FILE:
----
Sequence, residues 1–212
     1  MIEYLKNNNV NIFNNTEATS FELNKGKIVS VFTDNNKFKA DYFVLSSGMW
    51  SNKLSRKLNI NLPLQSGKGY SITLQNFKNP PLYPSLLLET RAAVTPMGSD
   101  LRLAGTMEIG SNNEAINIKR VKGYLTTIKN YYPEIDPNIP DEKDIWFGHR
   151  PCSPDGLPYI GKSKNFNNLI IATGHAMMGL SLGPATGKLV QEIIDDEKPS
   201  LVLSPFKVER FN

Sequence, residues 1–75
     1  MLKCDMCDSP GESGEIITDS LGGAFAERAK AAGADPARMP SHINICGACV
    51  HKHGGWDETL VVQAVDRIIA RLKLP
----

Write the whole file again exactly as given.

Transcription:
Sequence, residues 1–212
     1  MIEYLKNNNV NIFNNTEATS FELNKGKIVS VFTDNNKFKA DYFVLSSGMW
    51  SNKLSRKLNI NLPLQSGKGY SITLQNFKNP PLYPSLLLET RAAVTPMGSD
   101  LRLAGTMEIG SNNEAINIKR VKGYLTTIKN YYPEIDPNIP DEKDIWFGHR
   151  PCSPDGLPYI GKSKNFNNLI IATGHAMMGL SLGPATGKLV QEIIDDEKPS
   201  LVLSPFKVER FN

Sequence, residues 1–75
     1  MLKCDMCDSP GESGEIITDS LGGAFAERAK AAGADPARMP SHINICGACV
    51  HKHGGWDETL VVQAVDRIIA RLKLP